Stretching, strengthening, and aerobic exercises are all important for managing your RA. Learn why, and get tips for creating a workout program that’s right for you.
Getting plenty of exercise is an important part of coping with rheumatoid arthritis. It can help alleviate joint pain and stiffness, make you more flexible, improve your sleep, and boost your endurance. An exercise program should include stretching, aerobic exercises, and strengthening routines.
Here are the 8 tips that can help you feel better!
People with rheumatoid arthritis can take different approaches to stretching. You might stretch before exercise or physical activity to prepare your muscles and joints for the activity. For example, if you’re going to garden, you might want to stretch your hips, knees, and ankles. Or you might stretch after your exercises to prevent stiffness, or if you have particular joints that get stiff or have limited motion, you might want to add something to your regular exercise routine that works on those.
Try Tai Chi
A Tai chi program can improve people’s quality of life, mobility, and sense of relaxation. Tai chi is an ancient Chinese practice that features sets of slow, flowing movements. The practice emphasizes physical motion, mental focus, and regular breathing. Many practitioners do it to relieve stiffness and improve their strength and balance.
Do Low-Impact Aerobic Exercise
The best forms of exercise for people with rheumatoid arthritis are those that put minimal impact on affected joints. These include low-impact aerobic dance, water exercises, walking, or stationary bicycles. Keep in mind that activities with sudden stops and changes of direction, like soccer or basketball, might be inappropriate. However, if you don’t have problems with your knees, ankles, and hips, jogging may be okay for you.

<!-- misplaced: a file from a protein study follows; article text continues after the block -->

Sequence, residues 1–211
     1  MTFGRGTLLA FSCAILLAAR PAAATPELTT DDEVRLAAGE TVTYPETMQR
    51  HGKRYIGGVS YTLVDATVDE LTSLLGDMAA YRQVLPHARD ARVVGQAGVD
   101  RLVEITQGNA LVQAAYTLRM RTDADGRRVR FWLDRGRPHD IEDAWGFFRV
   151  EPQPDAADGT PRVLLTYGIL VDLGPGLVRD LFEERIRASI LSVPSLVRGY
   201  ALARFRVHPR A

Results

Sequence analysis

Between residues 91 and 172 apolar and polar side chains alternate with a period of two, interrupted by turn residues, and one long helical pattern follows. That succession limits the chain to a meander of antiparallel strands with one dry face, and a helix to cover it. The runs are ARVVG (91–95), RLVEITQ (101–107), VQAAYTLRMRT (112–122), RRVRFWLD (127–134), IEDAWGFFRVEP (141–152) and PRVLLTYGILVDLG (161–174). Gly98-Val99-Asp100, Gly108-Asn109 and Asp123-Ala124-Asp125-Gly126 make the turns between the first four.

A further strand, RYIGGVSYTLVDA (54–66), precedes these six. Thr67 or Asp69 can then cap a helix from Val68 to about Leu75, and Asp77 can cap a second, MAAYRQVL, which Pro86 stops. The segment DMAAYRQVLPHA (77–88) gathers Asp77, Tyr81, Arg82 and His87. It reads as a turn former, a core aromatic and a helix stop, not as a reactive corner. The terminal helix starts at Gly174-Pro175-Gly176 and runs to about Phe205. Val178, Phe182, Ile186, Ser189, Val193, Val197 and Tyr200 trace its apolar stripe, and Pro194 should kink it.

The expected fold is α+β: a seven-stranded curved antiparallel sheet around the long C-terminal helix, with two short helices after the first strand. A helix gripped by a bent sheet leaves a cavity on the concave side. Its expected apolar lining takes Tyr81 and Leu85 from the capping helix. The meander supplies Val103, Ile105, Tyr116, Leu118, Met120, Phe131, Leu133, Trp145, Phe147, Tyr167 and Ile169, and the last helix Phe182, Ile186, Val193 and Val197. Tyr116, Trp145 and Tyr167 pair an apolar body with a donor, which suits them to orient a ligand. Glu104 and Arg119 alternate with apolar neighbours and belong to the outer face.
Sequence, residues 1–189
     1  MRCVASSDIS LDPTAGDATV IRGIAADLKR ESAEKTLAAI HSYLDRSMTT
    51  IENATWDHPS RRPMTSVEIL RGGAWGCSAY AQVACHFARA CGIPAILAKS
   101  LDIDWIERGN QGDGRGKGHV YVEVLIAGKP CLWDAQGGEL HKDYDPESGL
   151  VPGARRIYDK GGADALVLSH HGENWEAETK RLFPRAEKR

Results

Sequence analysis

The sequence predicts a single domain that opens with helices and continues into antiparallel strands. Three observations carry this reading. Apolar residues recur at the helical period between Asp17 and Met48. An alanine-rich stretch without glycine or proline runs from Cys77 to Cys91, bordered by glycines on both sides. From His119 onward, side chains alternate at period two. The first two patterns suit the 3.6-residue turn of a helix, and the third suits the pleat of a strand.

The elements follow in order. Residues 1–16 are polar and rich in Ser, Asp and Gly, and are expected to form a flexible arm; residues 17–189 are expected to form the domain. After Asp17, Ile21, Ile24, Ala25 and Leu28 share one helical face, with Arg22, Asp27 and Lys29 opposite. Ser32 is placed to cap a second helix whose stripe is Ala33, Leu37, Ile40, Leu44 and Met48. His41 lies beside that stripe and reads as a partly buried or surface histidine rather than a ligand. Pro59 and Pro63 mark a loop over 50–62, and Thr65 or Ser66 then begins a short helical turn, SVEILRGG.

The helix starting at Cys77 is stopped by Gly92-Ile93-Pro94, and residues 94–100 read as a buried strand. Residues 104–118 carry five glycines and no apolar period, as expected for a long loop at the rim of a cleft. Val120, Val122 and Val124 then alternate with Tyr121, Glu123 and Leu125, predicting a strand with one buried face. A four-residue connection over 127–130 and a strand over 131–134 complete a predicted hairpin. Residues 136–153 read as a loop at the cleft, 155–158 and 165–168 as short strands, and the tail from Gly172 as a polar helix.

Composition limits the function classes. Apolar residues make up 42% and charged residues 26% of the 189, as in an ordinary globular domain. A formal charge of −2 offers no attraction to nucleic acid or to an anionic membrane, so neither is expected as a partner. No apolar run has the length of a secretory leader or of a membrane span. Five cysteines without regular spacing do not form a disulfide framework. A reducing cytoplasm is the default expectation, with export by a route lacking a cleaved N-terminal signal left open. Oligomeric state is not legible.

Get Ready for Resistance Exercises
For strengthening your muscles, you can choose from a variety of resistance tools, including elastic bands, free weights, and machines. Some exercises may be better than others, given your particular needs. Free weights may be better than machines since they don’t force the joint into a specific predetermined movement pattern. However, if you have wrist involvement as part of your rheumatoid arthritis, holding a dumbbell might cause pain.
Take Up Swimming
Swimming is particularly good for people with rheumatoid arthritis since the water supports your body, thus limiting the amount of stress on your joints. In addition to swimming, another good water exercise is walking in a pool; the effort to move yourself through the water while walking makes your muscles stronger. You can walk in water that’s up to your waist or chest or put on a flotation belt and walk in deeper water.
Add Weight-Bearing Exercises
People with rheumatoid arthritis face a higher risk of the bone-thinning condition osteoporosis due to the arthritis itself, medications used to treat it, or reduced physical activity. Weight-bearing exercises are helpful for preserving your bones. Walking is a good type of weight-bearing exercise.
Get the Right Intensity
If you’re unfamiliar with exercise or you want to drastically shake up your workout, it’s a good idea to meet with a trainer or physical therapist with experience helping people with rheumatoid arthritis. It’s particularly important for people with rheumatoid arthritis to avoid exercising too hard, and a professional can help you aim for the right duration and level of intensity.
Rheumatoid arthritis tends to ebb and flow, and people with the condition have good days and painful days. Practice a variety of exercises to help ensure that you’ll always have a type of physical activity to enjoy. If you usually walk, but you’re having a flare in your knees or ankles, perhaps swimming for a while will allow you to stay active without pain.